* Posts by Donn Bly

413 posts • joined 10 Jan 2008


Wrap it before you tap it? No, say Linux developers: 'GPL condom' for Nvidia driver is laughed out of the kernel

Donn Bly

Re: NVidia has the money and manpower

Anyone selling to the Linux market is making use of the labors of the kernel devs, the distribution maintainers, and everyone who is going to the effort of maintaining a Linux box. There is a price to be paid for the use of these efforts. Pay it, or stay away.

No, the END-USER is making use of those labors, not the person selling into that market.

To compare this to another common industry -- If I develop a new accessory for an automobile I'm not "making use of the labors" of the engineers and companies that made those automobiles as much as I am making something that compliments them. There is no reason why I should be forced to pay a licensing fee to Ford or Chrysler just so that the end-user can plug something into the cigarette lighter.

You call Verizon. A Google bot answers. You demand a human. The human is told what to say by the bot

Donn Bly

Robotic Overlords?

Is this one of the first documented and verifiable accounts of our robotic overlords in action? If we don't bow them, they just put us through to a human slave that does their bidding, taking their instructions in real-time?

You've accused Apple of patent infringement. You want to probe the iOS source in a closed-room environment. What to do in a pandemic?

Donn Bly

Why not use a screen and wireless keyboard?

1) It is trivial for me to install an HDMI recorder between a PC and a monitor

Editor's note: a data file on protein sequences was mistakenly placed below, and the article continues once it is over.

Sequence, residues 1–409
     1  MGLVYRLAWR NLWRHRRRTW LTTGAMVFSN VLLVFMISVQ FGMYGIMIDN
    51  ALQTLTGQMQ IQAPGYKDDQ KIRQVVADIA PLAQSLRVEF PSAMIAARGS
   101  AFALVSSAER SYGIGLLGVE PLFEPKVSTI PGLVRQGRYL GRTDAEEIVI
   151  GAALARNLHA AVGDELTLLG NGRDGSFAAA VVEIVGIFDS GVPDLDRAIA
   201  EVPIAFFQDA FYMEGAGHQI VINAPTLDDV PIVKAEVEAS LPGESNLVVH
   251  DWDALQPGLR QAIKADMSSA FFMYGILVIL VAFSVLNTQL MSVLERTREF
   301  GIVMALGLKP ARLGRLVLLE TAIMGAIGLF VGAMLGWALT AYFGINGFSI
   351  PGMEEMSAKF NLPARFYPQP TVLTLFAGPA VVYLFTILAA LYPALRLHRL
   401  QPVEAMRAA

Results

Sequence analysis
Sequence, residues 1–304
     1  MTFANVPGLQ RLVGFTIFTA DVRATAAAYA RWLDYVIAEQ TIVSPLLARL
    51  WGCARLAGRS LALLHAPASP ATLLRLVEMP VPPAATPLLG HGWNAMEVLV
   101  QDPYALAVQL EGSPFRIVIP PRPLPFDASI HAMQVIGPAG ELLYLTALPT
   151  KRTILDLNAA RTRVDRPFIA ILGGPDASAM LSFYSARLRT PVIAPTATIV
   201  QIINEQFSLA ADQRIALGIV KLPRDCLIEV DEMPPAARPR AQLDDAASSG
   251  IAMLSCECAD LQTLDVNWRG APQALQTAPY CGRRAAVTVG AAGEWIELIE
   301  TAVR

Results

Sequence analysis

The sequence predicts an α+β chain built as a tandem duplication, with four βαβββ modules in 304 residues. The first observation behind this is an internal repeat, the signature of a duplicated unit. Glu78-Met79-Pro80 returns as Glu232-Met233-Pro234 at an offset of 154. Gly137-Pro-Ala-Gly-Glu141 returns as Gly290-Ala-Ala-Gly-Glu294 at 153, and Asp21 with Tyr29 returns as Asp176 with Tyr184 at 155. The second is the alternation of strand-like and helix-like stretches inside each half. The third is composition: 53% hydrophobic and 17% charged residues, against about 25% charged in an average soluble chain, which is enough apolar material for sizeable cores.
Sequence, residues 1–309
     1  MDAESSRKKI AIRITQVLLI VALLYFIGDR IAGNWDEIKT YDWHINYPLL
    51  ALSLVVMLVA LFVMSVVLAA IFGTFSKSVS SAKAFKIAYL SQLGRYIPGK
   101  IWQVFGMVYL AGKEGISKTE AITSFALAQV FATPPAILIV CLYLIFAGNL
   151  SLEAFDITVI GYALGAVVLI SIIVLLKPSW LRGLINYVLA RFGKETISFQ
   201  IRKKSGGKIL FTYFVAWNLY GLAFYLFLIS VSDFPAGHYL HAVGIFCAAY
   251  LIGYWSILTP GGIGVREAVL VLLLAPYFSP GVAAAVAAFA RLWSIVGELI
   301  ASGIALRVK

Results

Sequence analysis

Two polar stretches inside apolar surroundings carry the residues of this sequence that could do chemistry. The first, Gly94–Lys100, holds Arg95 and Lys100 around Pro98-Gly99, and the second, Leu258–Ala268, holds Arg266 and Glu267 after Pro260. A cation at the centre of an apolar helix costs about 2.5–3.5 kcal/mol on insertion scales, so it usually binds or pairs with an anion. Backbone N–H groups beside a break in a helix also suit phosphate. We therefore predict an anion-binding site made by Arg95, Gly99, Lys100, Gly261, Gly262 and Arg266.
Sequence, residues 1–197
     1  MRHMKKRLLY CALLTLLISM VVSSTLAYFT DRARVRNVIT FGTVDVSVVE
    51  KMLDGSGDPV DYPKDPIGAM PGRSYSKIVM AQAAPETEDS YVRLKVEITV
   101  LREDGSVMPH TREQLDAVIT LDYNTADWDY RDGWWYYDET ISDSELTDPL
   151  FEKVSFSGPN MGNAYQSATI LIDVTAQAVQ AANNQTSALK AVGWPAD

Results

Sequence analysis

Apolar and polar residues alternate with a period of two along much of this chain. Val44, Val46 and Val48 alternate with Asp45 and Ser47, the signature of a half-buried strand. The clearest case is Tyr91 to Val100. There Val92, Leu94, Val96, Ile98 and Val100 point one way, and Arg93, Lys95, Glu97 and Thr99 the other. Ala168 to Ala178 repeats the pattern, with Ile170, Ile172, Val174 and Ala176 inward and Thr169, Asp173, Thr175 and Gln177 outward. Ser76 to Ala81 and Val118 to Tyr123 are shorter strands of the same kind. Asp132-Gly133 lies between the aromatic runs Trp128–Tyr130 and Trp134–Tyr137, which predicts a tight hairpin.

2) I can monitor wireless communications, including keystrokes, outside of the viewing area

ServiceNow slammed for 'tone deaf' letter telling customers contracts can't be tweaked as COVID-19 batters businesses

Donn Bly

A contract is a contract, not a suggestion

The problem we have here is that a contract is just that, a CONTRACT. A legally binding agreement, jointly entered, voluntarily, for the benefit of both parties. You don't just get to go in and change the terms whenever you like, no matter what the outside situation. You wouldn't like it if a service on which you depended said "Nope, I know we agreed to that price but we can't make enough profit at that price so we aren't going to honor the agreement". It goes both ways.

Most contracts have a "Force Majure" clause, and Covid should be enough to trigger it. If you signed the agreement without one, well, the onus is on you. (And, from the sounds of it, anybody who signed with them apparently deserves what they got. You signed a contract for crap service, you got the crap service for which you signed)

It is right to take up contract modifications on a case-by-case basis, it is not right to unilaterally change the contracts across the board unless every contract is canceled using an existing provision and then a new one signed with different conditions. Hopefully, all of this makes people more cognizant of the contracts that they sign and hold their future vendors to a higher standard.

No Wiggle room: Two weeks after angry bike shop customers report mystery orders on their accounts, firm confirms payment cards delinked

Donn Bly

Password Reuse? How about defense-in-depth?

All indications are that this was a "password re-use attack". It would be very interesting to see if a post-mortem can tie a high percentage of these accounts to one or more of the recent password dumps -- or even an old one such as Linked In.